Keywords:
Hmi, Healthcare Delivery and Management

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published: 04 May 2018

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Abstract:
The case describes how Spanish entrepreneurs Daniel González de Vega and Javier Arroyo founded Smartick with the aim of tackling the poor level of math education in their native Spain. Smartick is a self-financed enterprise that combines social impact with profitability. The two entrepreneurs are up against stiff competition, notably from the education giant Khan Academy, who not only has major financial backing but also offers its service free of charge. After two years of developing and testing a mix of the leading offline methods and state-of-the-art web-based technologies, Smartick is ready to make a big push into the after-school math learning space. Javier and Daniel are mulling over three options for their long-term marketing strategy. They are looking to segment the market and find the right segment to implement the strong brand positioning necessary to impact Spain’s math education culture and society. The three options are to focus on B2B through schools, a combination of B2B and B2C, and a B2C-only approach. They must also decide on a pricing model and a communication strategy.

Pedagogical Objectives:
After the case discussion, students should be able to: - understand the value of a differentiated product, even in the presence of a popular free alternative, - apply a segmentation-targeting-positioning approach to online education specifically, and to any other market or category, - recommend a pricing strategy to match the overall strategy of the company.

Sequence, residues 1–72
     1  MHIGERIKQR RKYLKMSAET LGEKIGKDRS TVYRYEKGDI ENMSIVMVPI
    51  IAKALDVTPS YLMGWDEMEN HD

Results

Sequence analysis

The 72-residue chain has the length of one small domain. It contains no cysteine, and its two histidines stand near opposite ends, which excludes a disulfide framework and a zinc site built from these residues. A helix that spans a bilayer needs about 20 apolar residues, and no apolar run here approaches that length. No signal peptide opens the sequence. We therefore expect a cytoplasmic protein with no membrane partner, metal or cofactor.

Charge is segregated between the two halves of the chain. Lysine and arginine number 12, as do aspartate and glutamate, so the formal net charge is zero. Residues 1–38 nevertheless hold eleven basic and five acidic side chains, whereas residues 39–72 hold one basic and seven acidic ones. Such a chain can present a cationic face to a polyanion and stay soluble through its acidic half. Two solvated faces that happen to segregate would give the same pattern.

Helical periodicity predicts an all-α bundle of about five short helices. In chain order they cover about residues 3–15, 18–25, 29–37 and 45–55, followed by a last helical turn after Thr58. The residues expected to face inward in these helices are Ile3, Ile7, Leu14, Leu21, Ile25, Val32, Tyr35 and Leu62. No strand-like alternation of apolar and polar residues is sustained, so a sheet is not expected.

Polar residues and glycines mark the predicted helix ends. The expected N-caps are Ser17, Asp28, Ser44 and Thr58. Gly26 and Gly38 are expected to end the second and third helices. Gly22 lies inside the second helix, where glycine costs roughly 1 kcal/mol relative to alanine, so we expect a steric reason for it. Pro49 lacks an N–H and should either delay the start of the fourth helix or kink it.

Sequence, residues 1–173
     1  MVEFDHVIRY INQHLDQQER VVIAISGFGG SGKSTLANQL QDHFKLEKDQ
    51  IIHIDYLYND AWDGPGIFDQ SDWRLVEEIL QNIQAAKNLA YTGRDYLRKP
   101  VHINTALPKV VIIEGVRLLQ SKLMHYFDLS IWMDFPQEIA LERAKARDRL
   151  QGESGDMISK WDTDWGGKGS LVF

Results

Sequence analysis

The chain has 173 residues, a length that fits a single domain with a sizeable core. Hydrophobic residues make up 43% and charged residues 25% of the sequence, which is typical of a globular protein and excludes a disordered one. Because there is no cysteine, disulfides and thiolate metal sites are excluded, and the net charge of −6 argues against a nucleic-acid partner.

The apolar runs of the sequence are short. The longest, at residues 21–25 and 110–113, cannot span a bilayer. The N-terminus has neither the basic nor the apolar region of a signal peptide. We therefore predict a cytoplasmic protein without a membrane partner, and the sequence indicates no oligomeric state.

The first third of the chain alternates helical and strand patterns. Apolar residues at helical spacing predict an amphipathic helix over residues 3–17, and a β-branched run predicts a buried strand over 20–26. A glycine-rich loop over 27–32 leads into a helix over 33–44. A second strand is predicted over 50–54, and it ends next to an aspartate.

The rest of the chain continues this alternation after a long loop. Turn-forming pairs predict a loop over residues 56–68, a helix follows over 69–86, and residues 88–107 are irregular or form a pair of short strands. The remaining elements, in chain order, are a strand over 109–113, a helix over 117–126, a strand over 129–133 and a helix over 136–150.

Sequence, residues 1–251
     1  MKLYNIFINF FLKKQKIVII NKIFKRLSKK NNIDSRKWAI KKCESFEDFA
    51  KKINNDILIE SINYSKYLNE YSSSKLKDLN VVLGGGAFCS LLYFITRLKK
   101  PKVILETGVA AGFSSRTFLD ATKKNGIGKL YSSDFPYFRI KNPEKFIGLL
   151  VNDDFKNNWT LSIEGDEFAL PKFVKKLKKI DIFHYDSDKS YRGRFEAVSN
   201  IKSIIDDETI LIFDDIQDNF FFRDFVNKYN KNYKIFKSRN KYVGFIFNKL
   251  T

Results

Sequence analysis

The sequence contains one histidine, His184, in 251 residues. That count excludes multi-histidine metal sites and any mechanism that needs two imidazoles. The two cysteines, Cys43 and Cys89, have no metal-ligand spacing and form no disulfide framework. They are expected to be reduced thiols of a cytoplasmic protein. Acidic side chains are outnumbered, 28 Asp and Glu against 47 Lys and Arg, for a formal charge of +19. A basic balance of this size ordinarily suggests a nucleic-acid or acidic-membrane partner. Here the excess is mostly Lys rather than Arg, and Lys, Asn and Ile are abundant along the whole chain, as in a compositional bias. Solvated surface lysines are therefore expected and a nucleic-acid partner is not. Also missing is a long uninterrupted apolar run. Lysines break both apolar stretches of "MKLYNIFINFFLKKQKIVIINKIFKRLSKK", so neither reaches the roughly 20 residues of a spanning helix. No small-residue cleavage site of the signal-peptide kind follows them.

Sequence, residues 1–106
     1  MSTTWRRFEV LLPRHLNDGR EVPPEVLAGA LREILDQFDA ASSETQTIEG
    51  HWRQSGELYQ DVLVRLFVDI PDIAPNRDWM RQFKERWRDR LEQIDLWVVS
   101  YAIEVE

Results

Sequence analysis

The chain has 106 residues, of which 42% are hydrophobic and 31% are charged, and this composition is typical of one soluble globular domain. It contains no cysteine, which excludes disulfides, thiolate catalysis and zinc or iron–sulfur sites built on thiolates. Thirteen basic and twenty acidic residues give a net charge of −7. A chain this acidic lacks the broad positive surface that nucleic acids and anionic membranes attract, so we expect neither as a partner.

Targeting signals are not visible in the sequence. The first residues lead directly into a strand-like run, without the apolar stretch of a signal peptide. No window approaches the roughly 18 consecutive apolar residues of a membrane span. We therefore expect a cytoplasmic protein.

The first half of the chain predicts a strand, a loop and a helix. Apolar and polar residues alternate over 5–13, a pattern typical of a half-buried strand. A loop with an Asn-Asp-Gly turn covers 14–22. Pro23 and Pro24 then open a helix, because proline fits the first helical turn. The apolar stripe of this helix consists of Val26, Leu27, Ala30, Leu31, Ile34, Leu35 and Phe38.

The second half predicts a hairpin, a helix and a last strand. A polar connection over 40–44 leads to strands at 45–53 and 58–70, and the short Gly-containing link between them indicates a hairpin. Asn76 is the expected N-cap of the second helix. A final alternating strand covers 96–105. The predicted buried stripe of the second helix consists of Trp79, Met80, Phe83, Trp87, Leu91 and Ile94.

Keywords:
Edtech, Online Education, Branding, Marketing, Social Impact, Pricing Models, E-Learning, Entrepreneurship, Segmentation, Targeting, Brand Positioning, Software-As-Service, Brand Identity, Customer Centricity

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published: 29 Mar 2017

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Abstract:
The case describes how Spanish entrepreneurs Daniel González de Vega and Javier Arroyo founded Smartick with the aim of tackling the poor level of math education in their native Spain. Smartick is a self-financed enterprise that combines social impact with profitability. The two entrepreneurs are up against stiff competition, notably from the education giant Khan Academy, who not only has major financial backing but also offers its service free of charge. After two years of developing and testing a mix of the leading offline methods and state-of-the-art web-based technologies, Smartick is ready to make a big push into the after-school math learning space. Javier and Daniel are mulling over three options for their long-term marketing strategy. They are looking to segment the market and find the right segment to implement the strong brand positioning necessary to impact Spain’s math education culture and society. The three options are to focus on B2B through schools, a combination of B2B and B2C, and a B2C-only approach. They must also decide on a pricing model and a communication strategy.

Pedagogical Objectives:
After the case discussion, students should be able to: - understand the value of a differentiated product, even in the presence of a popular free alternative, - apply a segmentation-targeting-positioning approach to online education specifically, and to any other market or category, - recommend a pricing strategy to match the overall strategy of the company.

Keywords:
Edtech, Online Education, Branding, Marketing, Social Impact, Pricing Models, E-Learning, Entrepreneurship, Segmentation, Targeting, Brand Positioning, Software-As-Service, Brand Identity, Customer Centricity